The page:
Imagine a world where humanoid robots perform a wide range of tasks, including working on assembly lines. This is the world that PAL Robotics SL in Barcelona, Spain, hopes to create. For the past several years, engineers there have designed, programmed and built wheeled and humanoid robots for logistics, retail, service and other applications.

One is the REEM-C, a full-size bipedal humanoid robot. Fully customizable, REEM-C is being researched for applications like human-robot interaction, machine vision, artificial intelligence, grasping and walking.

According to Luca Marchionni, chief technology officer at PAL Robotics, maintaining balance while walking is one of the most difficult challenges for the REEM-C. This is because the robot’s control system has to deal with transition between double-leg support (with both feet on the ground) and single-leg support (when only one foot is planted).

To overcome this problem, PAL engineers use trajectory optimization. This approach involves prescribing an ideal path for the robot, and then calculating the best possible approximation to this path. The engineers must also keep volume and inertia as low as possible, due to the space and weight constraints of the robot’s joints.

All of the joints are fully articulated and capable of performing a range of complex movements—so long as a high-quality encoder provides constant feedback to each joint controller regarding torque, velocity and position. PAL consulted with RLS d.o.o (a Renishaw associate company) on encoder selection, and RLS recommended noncontact magnetic encoders made by Renishaw plc. Rotary AksIM and Orbis encoders are integrated into the robot’s knee, wrist and elbow joints, as well as the component-level incremental RoLin system.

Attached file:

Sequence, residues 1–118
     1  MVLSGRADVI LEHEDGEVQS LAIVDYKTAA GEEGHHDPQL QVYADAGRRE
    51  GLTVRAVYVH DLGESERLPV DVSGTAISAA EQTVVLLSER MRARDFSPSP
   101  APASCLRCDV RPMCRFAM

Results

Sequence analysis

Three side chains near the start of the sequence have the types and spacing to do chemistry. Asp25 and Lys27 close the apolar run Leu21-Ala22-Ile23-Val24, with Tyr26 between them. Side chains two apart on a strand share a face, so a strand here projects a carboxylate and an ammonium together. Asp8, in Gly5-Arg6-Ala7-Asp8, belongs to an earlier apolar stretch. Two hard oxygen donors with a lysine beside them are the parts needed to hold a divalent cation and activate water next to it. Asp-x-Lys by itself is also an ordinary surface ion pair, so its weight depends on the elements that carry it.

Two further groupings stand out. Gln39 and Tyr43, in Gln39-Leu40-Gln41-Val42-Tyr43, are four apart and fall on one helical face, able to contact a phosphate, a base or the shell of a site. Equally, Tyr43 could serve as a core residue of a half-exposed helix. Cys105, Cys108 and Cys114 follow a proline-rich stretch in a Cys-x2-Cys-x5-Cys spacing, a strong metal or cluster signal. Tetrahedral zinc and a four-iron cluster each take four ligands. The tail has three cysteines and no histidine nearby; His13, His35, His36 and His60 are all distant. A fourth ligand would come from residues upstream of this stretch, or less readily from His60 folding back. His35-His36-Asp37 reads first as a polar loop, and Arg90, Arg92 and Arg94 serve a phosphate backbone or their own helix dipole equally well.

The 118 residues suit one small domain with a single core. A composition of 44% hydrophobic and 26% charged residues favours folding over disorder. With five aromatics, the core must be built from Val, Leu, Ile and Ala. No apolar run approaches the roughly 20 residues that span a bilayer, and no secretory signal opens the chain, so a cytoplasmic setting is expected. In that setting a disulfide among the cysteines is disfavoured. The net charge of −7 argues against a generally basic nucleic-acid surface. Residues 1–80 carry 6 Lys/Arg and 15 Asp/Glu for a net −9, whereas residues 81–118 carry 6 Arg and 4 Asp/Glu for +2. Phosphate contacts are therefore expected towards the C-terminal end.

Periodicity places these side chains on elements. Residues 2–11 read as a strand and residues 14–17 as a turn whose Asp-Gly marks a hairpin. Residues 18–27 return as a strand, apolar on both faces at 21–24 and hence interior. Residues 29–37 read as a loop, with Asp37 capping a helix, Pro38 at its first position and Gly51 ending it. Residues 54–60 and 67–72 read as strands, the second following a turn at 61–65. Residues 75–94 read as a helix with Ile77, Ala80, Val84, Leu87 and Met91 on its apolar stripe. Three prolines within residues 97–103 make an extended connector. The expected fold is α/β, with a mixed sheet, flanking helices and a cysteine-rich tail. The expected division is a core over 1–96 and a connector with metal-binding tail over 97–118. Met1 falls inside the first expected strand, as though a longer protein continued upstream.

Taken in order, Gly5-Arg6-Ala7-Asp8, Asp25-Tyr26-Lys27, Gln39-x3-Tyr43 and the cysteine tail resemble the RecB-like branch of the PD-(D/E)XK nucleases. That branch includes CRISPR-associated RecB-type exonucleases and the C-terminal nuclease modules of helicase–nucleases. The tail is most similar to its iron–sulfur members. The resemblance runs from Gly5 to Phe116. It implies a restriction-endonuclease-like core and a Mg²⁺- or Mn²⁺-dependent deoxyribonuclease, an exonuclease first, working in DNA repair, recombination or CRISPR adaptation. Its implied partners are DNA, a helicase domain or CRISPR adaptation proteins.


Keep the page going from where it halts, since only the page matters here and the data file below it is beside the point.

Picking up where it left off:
“The encoders have many configurations, [so] it is possible to choose from many different communications protocols, sensor sizes and interfaces,” explains Marchionni. “The more parameters for us the better, [because] we want to make robots that are lighter, more compact and more capable.”

For balance control, a feedback-force system at each robot’s foot is implemented to calculate the zero-moment point (ZMP). The measured ZMP is then fed into a controller to make sure it matches the desired ZMP. This balance controls the instantaneous torque acting on each joint, which enables correct positioning of each robot limb for stable motion.

During walking, rotary encoder feedback ensures precise control of the legs’ joint angles in terms of position, velocity and acceleration. Equally important, encoder outputs enable the estimation of robot posture and the generation of position, speed and acceleration references that every joint should follow.

“To keep balance is a difficult task, as we use reduction gears that introduce some elasticity or non-linearity,” concludes Marchionni. “For us, it’s really important to [accurately] get both the position of the motor and the joint.”

For more information on noncontact magnetic encoders, call 847-286-9953 or visit